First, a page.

Thursday, January 1, 2009

The Lie We Love

Finally! This article in Foreign Policy magazine is no longer behind the subscription wall. I read it on another blog last month, but didn't want to post an illicit copy here (problem with being a lawyer, I suppose!)

Anyway, here's a taste:

We all know the story of international adoption: Millions of infants and toddlers have been abandoned or orphaned—placed on the side of a road or on the doorstep of a church, or left parentless due to AIDS, destitution, or war. These little ones find themselves forgotten, living in crowded orphanages or ending up on the streets, facing an uncertain future of misery and neglect. But, if they are lucky, adoring new moms and dads from faraway lands whisk them away for a chance at a better life.

Unfortunately, this story is largely fiction.

* * *

In reality, there are very few young, healthy orphans available for adoption around
the world. Orphans are rarely healthy babies; healthy babies are rarely orphaned. “It’s not really true,” says Alexandra Yuster, a senior advisor on child protection with UNICEF, “that there are large numbers of infants with no homes who either will be in institutions or who need intercountry adoption.” That assertion runs counter to the story line that has long been marketed to Americans and other Westerners, who have been trained by images of destitution in developing countries and the seemingly endless flow of daughters from China to believe that millions of orphaned babies around the world desperately need homes.

UNICEF itself is partly responsible for this erroneous assumption. The organization’s statistics on orphans and institutionalized children are widely quoted to justify the need for international adoption. In 2006, UNICEF reported an estimated 132 million orphans in sub-Saharan Africa, Asia, Latin America, and the Caribbean. But the organization’s definition of “orphan” includes children who have lost just one parent, either to desertion or death. Just 10 percent of the total—13 million children—have lost both parents, and most of these live with extended family. They are also older: By UNICEF’s own estimate, 95 percent of orphans are older than 5. In other words, UNICEF’s “millions of orphans” are not healthy babies doomed to institutional misery unless Westerners adopt and save them. Rather, they are mostly older children living with extended families who need financial support.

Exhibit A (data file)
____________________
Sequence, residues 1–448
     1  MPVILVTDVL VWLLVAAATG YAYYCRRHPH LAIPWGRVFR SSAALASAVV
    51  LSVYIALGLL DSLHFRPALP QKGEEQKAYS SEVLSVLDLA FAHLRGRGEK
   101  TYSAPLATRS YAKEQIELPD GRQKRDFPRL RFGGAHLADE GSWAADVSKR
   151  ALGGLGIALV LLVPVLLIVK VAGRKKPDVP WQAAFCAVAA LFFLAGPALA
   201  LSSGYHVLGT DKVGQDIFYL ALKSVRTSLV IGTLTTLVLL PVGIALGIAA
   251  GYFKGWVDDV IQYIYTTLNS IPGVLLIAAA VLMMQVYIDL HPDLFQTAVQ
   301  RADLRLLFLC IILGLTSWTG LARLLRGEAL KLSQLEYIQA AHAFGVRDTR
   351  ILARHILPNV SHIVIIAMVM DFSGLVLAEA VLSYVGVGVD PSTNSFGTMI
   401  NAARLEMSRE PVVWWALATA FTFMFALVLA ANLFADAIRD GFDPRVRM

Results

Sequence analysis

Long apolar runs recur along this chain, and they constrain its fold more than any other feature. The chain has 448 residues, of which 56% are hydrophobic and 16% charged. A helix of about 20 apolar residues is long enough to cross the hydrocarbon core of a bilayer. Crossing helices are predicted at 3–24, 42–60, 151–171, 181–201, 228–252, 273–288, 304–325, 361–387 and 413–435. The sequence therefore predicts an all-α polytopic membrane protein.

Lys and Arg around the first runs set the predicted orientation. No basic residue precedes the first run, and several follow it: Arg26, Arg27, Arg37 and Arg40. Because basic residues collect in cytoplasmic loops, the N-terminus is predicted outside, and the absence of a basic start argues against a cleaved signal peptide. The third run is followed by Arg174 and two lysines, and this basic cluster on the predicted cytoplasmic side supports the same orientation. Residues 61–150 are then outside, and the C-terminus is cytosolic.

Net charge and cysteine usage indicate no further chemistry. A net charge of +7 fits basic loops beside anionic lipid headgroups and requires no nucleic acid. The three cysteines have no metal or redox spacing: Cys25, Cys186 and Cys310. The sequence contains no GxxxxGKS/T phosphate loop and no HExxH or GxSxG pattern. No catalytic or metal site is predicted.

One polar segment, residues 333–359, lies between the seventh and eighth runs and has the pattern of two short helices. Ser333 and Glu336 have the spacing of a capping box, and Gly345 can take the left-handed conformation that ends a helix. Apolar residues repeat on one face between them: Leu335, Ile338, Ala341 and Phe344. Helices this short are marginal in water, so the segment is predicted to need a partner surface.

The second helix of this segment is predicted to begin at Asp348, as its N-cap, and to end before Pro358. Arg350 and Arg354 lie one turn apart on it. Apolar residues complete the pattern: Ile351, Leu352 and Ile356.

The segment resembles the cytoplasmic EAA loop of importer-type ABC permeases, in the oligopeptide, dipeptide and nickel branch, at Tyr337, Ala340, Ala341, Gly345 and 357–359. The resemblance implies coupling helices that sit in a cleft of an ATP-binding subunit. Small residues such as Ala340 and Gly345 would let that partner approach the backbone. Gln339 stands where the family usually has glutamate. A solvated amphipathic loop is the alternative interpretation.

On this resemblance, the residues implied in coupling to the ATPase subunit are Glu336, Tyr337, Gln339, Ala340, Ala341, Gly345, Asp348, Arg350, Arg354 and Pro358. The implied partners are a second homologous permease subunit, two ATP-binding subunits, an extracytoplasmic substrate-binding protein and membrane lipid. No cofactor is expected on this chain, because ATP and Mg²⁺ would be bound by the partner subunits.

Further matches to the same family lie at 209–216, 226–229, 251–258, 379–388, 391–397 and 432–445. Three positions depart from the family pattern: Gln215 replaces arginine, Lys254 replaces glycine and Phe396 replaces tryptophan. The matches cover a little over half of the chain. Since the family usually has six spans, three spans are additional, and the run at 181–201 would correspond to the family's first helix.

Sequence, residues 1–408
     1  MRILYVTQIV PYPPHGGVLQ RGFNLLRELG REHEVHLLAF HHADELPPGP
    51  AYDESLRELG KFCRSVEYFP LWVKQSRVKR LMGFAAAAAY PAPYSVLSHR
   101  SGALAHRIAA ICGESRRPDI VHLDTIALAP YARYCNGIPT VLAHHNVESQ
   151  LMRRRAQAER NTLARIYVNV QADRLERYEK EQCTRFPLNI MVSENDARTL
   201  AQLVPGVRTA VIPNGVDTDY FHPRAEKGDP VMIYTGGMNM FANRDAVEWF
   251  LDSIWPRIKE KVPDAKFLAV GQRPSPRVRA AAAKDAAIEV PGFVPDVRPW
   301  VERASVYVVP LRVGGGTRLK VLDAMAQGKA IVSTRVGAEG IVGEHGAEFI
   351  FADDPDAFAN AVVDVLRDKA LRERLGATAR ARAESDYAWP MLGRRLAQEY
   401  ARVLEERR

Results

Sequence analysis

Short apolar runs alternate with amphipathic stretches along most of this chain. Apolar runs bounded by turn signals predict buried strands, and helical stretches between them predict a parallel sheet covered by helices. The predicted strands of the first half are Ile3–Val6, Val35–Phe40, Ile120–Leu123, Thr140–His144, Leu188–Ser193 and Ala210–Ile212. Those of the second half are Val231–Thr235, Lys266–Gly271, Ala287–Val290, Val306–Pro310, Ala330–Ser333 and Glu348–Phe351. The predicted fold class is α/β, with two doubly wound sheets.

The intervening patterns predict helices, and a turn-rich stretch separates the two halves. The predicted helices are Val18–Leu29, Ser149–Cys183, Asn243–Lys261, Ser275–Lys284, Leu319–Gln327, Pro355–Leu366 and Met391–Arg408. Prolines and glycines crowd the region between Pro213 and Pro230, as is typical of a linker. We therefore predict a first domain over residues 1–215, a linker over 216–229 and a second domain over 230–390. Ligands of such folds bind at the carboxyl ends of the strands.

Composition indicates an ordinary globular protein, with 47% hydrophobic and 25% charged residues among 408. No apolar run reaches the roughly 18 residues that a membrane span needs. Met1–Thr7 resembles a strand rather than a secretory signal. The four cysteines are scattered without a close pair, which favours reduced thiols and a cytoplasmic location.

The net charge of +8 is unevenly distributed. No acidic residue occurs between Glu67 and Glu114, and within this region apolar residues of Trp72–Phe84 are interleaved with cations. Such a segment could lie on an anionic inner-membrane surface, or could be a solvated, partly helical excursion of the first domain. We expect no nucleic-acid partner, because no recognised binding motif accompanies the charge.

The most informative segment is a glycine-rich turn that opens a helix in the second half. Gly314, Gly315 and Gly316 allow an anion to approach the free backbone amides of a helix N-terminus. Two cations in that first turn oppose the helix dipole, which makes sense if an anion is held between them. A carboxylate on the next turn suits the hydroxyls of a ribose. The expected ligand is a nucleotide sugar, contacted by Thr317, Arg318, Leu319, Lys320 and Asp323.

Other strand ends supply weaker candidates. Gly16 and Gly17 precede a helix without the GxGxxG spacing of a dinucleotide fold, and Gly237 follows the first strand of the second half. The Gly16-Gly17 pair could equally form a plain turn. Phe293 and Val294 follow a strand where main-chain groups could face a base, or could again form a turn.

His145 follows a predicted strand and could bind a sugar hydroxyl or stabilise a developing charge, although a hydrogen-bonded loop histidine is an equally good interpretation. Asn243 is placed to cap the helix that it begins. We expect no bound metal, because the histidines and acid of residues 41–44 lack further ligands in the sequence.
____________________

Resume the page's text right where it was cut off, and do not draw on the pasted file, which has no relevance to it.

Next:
The exception is China, where the country’s three-decades-old one-child policy, now being loosened, has created an unprecedented number of girls available for adoption. But even this flow of daughters is finite; China has far more hopeful foreigners looking to adopt a child than it has orphans it is willing to send overseas.

Lots to think about in the article. Please read and comment!


Wendy said...

I think we have known this for awhile, the problem is the agencies and church groups that keep perpetuating the myth. Playing upon people's faith is unethical (imo) and I think if we continue to educate we may reach some--the others will choose to want to make the "feel good" choice or believe the profit machine--adoption agencies.

There are a number of children who need homes, some need to find them internationally, but overinflating numbers is not doing the children who do need homes any good. Those who do want to help, have children, whatever the reason they come to adopt need to have the facts. The children who are waiting need the most appropriate help, whether that be adoption in-country, financial assistance to stay with their birth families, or international adoption. Skewing figures only causes ignorance, a standstill in some places and suffering in others, all for the profit motive of a few agencies that are highly invested in one country or another or who have built clientele that want one country over another, one race over another, etc.
There has to be reform in international adoption--we as AP have to be the one's making it, surely the agencies are not stepping up to the plate and only after protest do govts get involved.

Anonymous said...

Just seeing that Unicef seems to be the primary source of information for that article makes me automatically discount 90% of what is said.

malinda said...

Anon, can you explain a little more why you discount UNICEF as a source?

And while it was liberally quoted in the small portion of the article I posted, it did not seem to appear prominantly in the entire article. Do you have some behind-the-story information that UNICEF served as an unidentified source for other parts of the article?


Anonymous said...

I cannot speak for Anonymous at 1:20 p.m., but many see UNICEF as being against international adoptions.

As for myself, I look with distrust at anything that comes from any organization associated with the United Nations.